In view of the increasing prevalence of cardiovascular disease (CVD), identifying functional foods that reduce CVD risk factors (including high blood cholesterol) is an important area of research. A body of evidence has accumulated, strengthening the association between oat beta-glucan consumption and a decrease in blood cholesterol, according to a review by researchers from the University of Manitoba, Canada.
The researchers reviewed studies that assessed the effects of oat beta-glucan on blood cholesterol levels over a minimum of two weeks. Sources of oat beta-glucan included oat bran, oat meal and rolled oats, which were consumed as breakfast cereals, biscuits, bread, muesli, muffins, and powders. The selected studies were published between 1997 and 2010; 22 studies met the inclusion criteria (20 clinical trials, 1 systematic review, and 1 meta-analysis).
Beta-glucan, a type of dietary fibre found in abundance in oats, has been recognised as having blood cholesterol-lowering properties. A major proposed mechanism is that dietary oat beta-glucan forms a viscous layer in the small intestine. The viscous layer attenuates the intestinal uptake of dietary cholesterol as well as the re-absorption of bile acids (which the body makes from cholesterol). In response, the body draws upon the pool of circulating cholesterol to produce new bile acids. Lower uptake of cholesterol from the gut combined with more bodily cholesterol used for bile acid production results in reduced levels of cholesterol circulating in the blood.
Overall, the majority of observational studies published since 1997 support a relationship between dietary beta–glucan and a reduction in blood cholesterol levels. Daily doses of at least 3 grams may reduce plasma total and LDL cholesterol levels by 5-10%, respectively. Such intakes can be achieved by consuming 2-4 portions daily of oat-based products (e.g. breakfast cereals, breads and crackers).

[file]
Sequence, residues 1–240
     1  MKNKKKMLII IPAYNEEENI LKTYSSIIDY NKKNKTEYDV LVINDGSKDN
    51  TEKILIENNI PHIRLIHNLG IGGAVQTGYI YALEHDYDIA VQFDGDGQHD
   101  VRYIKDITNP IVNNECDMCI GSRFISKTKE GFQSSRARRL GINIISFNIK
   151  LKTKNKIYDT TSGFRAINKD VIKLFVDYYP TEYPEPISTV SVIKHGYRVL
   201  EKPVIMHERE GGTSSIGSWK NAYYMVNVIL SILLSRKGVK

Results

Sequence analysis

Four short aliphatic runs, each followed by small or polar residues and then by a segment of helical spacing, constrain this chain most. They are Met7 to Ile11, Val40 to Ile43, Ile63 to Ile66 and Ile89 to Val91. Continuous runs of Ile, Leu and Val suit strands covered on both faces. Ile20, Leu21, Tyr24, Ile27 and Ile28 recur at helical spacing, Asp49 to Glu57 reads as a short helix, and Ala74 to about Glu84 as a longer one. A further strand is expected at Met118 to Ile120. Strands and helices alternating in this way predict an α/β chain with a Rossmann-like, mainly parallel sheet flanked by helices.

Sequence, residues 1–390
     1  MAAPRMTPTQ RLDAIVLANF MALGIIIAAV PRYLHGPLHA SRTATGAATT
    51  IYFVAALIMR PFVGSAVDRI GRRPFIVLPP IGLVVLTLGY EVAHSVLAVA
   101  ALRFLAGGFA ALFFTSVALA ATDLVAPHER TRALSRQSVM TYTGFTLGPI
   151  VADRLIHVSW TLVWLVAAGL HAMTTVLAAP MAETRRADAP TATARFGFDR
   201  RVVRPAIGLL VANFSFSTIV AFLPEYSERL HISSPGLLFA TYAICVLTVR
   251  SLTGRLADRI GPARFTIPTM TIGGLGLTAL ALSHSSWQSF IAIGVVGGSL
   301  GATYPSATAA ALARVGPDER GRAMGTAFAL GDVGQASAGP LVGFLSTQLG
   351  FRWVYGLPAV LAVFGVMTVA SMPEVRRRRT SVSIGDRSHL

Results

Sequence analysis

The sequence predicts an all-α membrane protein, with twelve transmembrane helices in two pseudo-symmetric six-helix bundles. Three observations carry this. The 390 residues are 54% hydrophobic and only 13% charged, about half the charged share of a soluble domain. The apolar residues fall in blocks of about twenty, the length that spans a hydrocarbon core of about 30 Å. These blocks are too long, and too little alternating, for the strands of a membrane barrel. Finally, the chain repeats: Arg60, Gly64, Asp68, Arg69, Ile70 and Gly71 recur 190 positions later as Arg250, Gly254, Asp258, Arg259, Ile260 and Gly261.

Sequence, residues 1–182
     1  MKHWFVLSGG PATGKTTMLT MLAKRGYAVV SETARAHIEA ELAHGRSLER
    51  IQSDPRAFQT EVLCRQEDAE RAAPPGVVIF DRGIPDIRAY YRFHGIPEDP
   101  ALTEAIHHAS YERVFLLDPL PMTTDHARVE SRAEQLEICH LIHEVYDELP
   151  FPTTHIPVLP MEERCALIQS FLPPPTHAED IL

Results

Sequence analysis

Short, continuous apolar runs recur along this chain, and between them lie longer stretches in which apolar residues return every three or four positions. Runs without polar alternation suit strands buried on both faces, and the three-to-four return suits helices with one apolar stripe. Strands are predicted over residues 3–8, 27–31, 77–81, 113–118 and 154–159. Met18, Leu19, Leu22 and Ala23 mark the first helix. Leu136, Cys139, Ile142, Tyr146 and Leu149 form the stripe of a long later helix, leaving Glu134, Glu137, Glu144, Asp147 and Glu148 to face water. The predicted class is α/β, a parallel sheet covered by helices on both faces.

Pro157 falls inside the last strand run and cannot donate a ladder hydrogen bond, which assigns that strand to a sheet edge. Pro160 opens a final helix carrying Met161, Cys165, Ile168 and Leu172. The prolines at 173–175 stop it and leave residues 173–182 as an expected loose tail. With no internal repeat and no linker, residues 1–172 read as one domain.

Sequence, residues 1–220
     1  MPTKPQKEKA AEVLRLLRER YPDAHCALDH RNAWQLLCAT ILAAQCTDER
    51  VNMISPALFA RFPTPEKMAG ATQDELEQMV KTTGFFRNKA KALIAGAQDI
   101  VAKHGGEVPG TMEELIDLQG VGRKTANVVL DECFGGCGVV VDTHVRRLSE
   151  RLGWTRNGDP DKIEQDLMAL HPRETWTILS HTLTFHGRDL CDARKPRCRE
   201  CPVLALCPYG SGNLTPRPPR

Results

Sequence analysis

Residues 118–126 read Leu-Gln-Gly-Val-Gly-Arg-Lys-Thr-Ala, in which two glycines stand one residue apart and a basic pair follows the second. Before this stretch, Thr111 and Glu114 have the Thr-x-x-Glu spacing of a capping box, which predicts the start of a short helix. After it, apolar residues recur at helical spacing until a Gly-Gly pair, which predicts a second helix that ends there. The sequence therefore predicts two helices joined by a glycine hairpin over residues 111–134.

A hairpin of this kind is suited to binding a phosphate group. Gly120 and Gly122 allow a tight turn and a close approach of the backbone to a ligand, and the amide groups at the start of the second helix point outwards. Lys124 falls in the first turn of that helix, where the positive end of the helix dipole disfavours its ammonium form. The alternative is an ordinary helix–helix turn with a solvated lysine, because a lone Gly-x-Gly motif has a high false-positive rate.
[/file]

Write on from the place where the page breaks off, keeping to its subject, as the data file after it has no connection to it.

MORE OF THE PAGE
Interestingly, the mode of administration and/or the food matrix as well as the method of processing the oat products may all influence its cholesterol-lowering abilities. When beta-glucan is added to a liquid matrix, such as milk or fruit juice, it appears to be more effective compared to a solid matrix, such as bread or cookies which yielded conflicting results. Furthermore, the molecular weight and viscosity of oat beta-glucan may play a significant role in determining its cholesterol lowering ability. It has been observed that the physical structure of beta-glucan is prone to being damaged during the processing and cooking of oats, which may decrease its molecular weight and viscosity. However, this remains an area requiring further research.
The Dietetic Products, Nutrition and Allergies panel of the European Food Safety Authority (EFSA) concluded that on the basis of the data available, a cause and effect relationship has been established between the consumption of beta-glucans and the reduction of blood cholesterol concentrations. Hence, the following health claim has been approved by EFSA: “Regular consumption of beta-glucans contributes to maintenance of normal blood cholesterol concentrations.” To be eligible for this claim, foods should provide at least 3 grams per day of beta-glucans.
In line with the EFSA opinion, the authors concluded that consuming at least 3 grams per day of oat beta–glucan, as part of a diet low in saturated fat and a healthy lifestyle may promote cardiovascular health.
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